Safety Tips for Your Apartment Pool and Beyond

Author: Alecia Pirulis  

swimming pool

Summer is a season defined by water. A summer vacation to the beach, where the ocean’s tumbling, salty waves provide hours of fun, dodging whitecaps and building sandcastles at the water’s edge; the lazy weekends spend at your apartment community’s swimming pool, the dazzling blue water providing a cool respite from the summer heat; an afternoon spent at the lake, where swimming, boating, and even fishing provide lasting memories of a fun-filled summer; the exciting days at the water park, tackling the water slides and wave pool; and the river, lazy or rapid, where adventures range from tubing to kayaking to whitewater rafting.

Unfortunately, all of that water-filled fun has a dangerous side, especially for children. Roughly 300 children under the age of five drown in pools and spas every year, and another 3,200 are hospitalized due to water-related injuries. For every child that drowns, an additional four are hospitalized for near-drowning. And, more than half of all children who die from drowning between the ages of one and four drown in a swimming pool.

Here are some tips to make sure you and your children stay safe this summer:

–Pack a pool safety kit. This should include a first-aid kit (include bandages for skinned knees and a pair of tweezers for splinters, as well as something for bee stings), a flotation device, and a pair of scissors (to cut hair or clothing should someone get stuck in the pool or spa).

– Make sure your apartment pool meets safety requirements, such as compliant drain covers and appropriate chlorine levels.

– Instruct your children to never run near the pool and to stay far away from the pool drains and other openings.

– Take your cell phone with you to the pool, beach, lake, etc. (keep it well away from the water or put it in a sealed, waterproof container), just in case you need to call 911.

– Watch your children carefully! Don’t assume that others in the water or near the pool will alert you if there’s a problem. Even if your child is a strong swimmer, never leave him/her unattended at the pool – not even for a few minutes.

– Learn CPR. If the worst happens, you’ll be better able to respond.

Review pool etiquette with your children and make sure they are aware of your apartment community’s pool rules.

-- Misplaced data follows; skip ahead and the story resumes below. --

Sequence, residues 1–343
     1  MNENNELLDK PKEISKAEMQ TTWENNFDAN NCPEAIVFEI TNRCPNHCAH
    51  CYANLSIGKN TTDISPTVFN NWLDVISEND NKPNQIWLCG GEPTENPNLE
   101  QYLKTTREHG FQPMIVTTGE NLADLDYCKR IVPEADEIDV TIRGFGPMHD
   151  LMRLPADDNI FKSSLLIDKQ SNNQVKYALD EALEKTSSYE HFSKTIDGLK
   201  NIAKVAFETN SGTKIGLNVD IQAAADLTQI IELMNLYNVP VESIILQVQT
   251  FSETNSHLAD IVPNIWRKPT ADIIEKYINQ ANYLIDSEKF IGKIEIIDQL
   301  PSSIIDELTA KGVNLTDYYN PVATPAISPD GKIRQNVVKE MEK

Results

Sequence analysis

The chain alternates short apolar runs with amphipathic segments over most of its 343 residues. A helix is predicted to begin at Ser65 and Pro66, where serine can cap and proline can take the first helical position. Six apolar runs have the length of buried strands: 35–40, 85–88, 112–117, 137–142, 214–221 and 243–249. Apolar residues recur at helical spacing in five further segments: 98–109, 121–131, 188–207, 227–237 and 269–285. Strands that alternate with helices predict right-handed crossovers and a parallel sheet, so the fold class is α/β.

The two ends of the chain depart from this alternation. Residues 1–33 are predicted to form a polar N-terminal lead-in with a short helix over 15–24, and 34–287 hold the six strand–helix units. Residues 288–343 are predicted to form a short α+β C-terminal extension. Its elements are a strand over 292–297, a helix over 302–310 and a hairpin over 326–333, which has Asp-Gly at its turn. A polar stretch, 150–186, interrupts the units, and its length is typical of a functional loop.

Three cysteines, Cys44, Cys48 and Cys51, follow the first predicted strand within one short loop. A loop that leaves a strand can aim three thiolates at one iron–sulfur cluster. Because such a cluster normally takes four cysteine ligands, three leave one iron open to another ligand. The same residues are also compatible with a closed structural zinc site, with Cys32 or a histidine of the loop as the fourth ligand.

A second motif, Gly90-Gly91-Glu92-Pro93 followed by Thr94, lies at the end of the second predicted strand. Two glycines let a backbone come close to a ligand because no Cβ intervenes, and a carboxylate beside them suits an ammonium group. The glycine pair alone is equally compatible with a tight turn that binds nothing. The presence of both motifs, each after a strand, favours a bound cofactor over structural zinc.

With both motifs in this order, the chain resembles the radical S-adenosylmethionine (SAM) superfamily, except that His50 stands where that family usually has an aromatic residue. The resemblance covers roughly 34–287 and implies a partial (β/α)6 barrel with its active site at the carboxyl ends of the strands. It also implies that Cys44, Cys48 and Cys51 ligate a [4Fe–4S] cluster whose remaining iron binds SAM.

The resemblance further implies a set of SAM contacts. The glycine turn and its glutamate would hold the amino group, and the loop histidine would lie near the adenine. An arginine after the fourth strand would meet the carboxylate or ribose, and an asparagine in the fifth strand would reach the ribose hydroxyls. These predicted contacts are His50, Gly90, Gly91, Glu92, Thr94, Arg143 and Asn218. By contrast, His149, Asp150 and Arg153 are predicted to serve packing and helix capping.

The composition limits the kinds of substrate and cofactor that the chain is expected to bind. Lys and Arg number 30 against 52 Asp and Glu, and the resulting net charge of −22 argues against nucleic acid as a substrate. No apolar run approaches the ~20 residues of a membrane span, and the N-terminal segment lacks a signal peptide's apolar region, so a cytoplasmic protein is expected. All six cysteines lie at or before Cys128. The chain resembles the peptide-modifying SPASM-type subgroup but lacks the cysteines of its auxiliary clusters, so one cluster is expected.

– If you don’t know how, learn to swim! Make sure your children know how to swim, as well.

– Don’t rely on flotation devices! Even if your child is wearing the appropriate gear (“swimmies” in the pool, a life vest on the boat), accidents can still happen – watch them carefully.

– Never swim alone! Even if you are a strong swimmer, use the buddy system.

– Be aware of rip currents when you are at the beach, and know what to do if you are caught in one (never swim against a rip current – tread water, float, or swim parallel to the shoreline until you escape the current).

– If you lose track of your child, check the water first. A child can lose consciousness after only two minutes in the water, and can suffer permanent brain damage after just five minutes.

– Never dive (or let your child dive) into shallow water (or a body of water where you aren’t sure of the depth, such as a lake). Diving into shallow water is the cause of most spinal cord injuries.

– Always keep an eye on the weather! If a storm is approaching, stay out of the water. According to the National Lightning Safety Institute, “If you can see it, flee it; if you can hear it, clear it.” Don’t forget – lightning can not only strike the pool, but it can also strike water pipes and other things connected to the pool. Stay clear of the pool area until the thunder has stopped for more than 30 minutes. If you are at the beach, be aware that a strong storm can stir up harmful bacteria in the water, so stay out of the water for at least 12 hours after the storm.

Here’s to great memories and a fun-filled, safe summer! Do you have safety tips or suggestions for the beach, lake, or your apartment pool? Share them with us on Facebook.